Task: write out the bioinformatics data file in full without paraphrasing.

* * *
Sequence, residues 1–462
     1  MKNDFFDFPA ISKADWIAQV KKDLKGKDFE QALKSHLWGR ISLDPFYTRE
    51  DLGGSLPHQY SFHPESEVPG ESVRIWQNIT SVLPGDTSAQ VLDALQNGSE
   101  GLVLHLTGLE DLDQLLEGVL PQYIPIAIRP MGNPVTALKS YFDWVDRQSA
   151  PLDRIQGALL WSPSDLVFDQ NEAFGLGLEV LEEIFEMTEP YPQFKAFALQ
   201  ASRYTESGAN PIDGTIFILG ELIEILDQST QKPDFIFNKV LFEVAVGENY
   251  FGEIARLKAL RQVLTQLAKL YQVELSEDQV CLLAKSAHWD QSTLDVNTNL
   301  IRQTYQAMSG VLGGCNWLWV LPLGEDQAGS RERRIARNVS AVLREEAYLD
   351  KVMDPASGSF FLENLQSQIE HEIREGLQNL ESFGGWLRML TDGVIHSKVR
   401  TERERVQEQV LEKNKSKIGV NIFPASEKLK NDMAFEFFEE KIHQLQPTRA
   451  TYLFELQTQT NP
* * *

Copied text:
Sequence, residues 1–462
     1  MKNDFFDFPA ISKADWIAQV KKDLKGKDFE QALKSHLWGR ISLDPFYTRE
    51  DLGGSLPHQY SFHPESEVPG ESVRIWQNIT SVLPGDTSAQ VLDALQNGSE
   101  GLVLHLTGLE DLDQLLEGVL PQYIPIAIRP MGNPVTALKS YFDWVDRQSA
   151  PLDRIQGALL WSPSDLVFDQ NEAFGLGLEV LEEIFEMTEP YPQFKAFALQ
   201  ASRYTESGAN PIDGTIFILG ELIEILDQST QKPDFIFNKV LFEVAVGENY
   251  FGEIARLKAL RQVLTQLAKL YQVELSEDQV CLLAKSAHWD QSTLDVNTNL
   301  IRQTYQAMSG VLGGCNWLWV LPLGEDQAGS RERRIARNVS AVLREEAYLD
   351  KVMDPASGSF FLENLQSQIE HEIREGLQNL ESFGGWLRML TDGVIHSKVR
   401  TERERVQEQV LEKNKSKIGV NIFPASEKLK NDMAFEFFEE KIHQLQPTRA
   451  TYLFELQTQT NP